Sometimes the laity desired more personal access to the saints; one way to do this was to snatch bits of a saint’s clothing, hair or body. After Bishop Caesarius of Arles died in 542, the congregation there tore off his clothes as contact relics, which the local clergy struggled to recover. In the 14th century, a desire to be in contact with the saints extended beyond the bounds of orthodox Catholicism to communities of men and women in the south of France known as Beguins. A number of Beguins were burned at the stake as heretics in 1321 at Lunel. Some considered these men and women martyrs and divided the bodies of the executed to keep their remains as relics.
In the case of Peter of John Olivi (d. 1298), a Franciscan theologian whose writings inspired these southern French Beguins, a full-fledged—albeit unauthorized—cult developed at his tomb in Narbonne and remained active until Olivi’s bones were exhumed and scattered and the ex votos offered in thanks had been destroyed. The physical remains of the deceased and the site of the tomb featured prominently in the veneration of the saints during the Middle Ages; eliminating these was one way to discourage or even destroy an unauthorized cult.
Within Christianity, the cult of the saints developed out of the cult of the martyrs. Although the Christian cult of the saints had similarities with the worship of Greek and Roman deities and heroes, critical differences separated them—most important, the Christian rejection of animal sacrifice as fitting tribute to God and his saints. Parallels exist, too, with Judaism and Islam. Here as well, though, important distinctions separate Christian understandings and attitudes toward those recognized as saints from those of Jews and Muslims. These distinctions are rooted primarily in the Christian preoccupation with the bodies of the saints and the movement of the bodies of the “very special dead,” as Peter Brown has called them, from spaces designated for the dead to spaces designated not only for the living, both public and private, but also to spaces designated for worship of the divine—spaces that, in Jewish and Islamic practice (as well as in Greek and Roman practice), would be defiled by the presence of human remains.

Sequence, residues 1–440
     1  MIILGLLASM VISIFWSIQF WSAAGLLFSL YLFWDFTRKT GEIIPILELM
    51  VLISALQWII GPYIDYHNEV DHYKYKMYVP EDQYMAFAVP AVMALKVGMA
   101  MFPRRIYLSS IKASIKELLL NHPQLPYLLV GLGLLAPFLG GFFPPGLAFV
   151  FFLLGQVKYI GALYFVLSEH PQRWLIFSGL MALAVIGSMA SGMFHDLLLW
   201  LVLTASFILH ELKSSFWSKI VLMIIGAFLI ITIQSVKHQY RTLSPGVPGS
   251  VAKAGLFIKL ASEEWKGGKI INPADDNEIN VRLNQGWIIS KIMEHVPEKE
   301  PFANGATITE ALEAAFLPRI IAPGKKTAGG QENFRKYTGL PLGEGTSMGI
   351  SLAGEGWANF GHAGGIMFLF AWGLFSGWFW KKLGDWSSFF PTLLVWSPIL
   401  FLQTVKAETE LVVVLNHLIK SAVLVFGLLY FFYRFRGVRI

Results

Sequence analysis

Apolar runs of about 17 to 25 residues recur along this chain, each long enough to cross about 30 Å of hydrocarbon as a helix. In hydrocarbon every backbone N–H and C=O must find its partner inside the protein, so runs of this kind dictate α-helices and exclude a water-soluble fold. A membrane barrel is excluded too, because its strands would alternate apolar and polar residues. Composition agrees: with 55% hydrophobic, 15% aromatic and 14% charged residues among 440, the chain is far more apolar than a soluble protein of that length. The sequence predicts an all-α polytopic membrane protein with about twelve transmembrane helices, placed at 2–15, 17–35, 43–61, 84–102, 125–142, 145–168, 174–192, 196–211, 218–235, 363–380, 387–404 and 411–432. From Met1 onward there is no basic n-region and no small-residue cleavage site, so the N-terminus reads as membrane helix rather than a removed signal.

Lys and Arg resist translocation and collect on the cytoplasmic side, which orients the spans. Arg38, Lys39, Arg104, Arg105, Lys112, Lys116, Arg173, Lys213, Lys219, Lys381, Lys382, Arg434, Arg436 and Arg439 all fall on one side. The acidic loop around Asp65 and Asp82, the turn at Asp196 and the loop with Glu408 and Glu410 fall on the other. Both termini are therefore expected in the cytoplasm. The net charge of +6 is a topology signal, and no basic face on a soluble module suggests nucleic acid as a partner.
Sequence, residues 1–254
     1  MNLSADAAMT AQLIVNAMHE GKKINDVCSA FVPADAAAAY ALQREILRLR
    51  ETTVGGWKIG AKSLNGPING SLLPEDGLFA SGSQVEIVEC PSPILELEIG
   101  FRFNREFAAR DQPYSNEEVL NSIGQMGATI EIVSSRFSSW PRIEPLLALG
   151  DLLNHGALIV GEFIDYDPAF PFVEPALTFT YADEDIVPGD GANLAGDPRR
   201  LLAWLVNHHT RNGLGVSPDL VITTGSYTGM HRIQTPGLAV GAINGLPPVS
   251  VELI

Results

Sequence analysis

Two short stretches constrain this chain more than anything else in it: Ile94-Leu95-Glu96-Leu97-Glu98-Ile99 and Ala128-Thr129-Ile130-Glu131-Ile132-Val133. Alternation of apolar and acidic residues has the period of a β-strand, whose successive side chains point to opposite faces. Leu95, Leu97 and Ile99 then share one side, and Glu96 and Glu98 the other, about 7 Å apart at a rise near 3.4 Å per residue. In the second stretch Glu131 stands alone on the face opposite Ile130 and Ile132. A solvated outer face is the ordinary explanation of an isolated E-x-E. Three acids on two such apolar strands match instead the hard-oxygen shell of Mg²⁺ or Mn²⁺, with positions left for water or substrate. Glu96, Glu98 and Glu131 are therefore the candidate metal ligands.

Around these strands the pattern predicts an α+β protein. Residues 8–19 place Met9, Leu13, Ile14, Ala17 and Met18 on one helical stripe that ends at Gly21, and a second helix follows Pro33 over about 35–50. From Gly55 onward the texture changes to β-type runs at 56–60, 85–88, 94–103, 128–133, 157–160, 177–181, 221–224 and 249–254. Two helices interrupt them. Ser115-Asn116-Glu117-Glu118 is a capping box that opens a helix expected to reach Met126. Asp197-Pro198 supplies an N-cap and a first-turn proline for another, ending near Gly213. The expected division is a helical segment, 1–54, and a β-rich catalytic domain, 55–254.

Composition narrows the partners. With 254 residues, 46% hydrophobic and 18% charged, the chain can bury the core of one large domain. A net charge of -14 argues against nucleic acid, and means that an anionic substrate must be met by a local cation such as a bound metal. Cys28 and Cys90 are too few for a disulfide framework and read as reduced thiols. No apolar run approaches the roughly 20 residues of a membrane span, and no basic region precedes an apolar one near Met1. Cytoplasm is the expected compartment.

Early on, the martyrs and saints were recognized by public acclamation. That is, a group of people—perhaps even those who had known the holy man or woman during this life—attested to the sanctity of the deceased and began to venerate him or her as a saint. By the late 12th century, Pope Alexander III declared that Christians could not venerate saints unless the Roman church had officially recognized them as saints. By the mid-13th century, Pope Innocent IV pronounced that only the bishop of Rome could canonize saints. This understanding of sanctity reflects a Western Christian outlook; without a centralized hierarchy, Greek Christendom and Eastern Christian traditions did not develop a controlled process of canonization. Nonetheless, despite efforts on the part of medieval pontiffs to dictate those officially recognized as saints by the Roman Church, in the later Middle Ages hundreds of men and women were still recognized as saints by public acclamation. Likewise, among some Catholics today, men and women, including the martyred Archbishop of San Salvador, Oscar Romero, and the co-founders of the Catholic Worker movement, Dorothy Day and Peter Maurin, are considered saints without having received official recognition from the Vatican.
Bartlett’s account of the intimate connections among the living and the dead, the saintly departed and the saints among us, bring to mind the tapestries designed by John Nava for the Cathedral of Our Lady of the Angels in Los Angeles, Calif. In the series of tapestries entitled “The Communion of the Saints,” the artist depicts contemporary Catholics standing together in prayer intermingled with saints from across the ages. The tapestries simultaneously celebrate and complicate our understanding of sanctity; the work of art powerfully argues not only that the saints look like us, in all our diversity, but also that there are saints among us today.
Robert Bartlett’s masterpiece, Why Can the Dead Do Such Great Things? brings us back to the sacred (and sometimes profane) origins behind Nava’s moving work of art, so we can develop a better understanding of the saints, their cults and those who have venerated them in the past even as we continue to develop our understanding of the body of Christ among us today.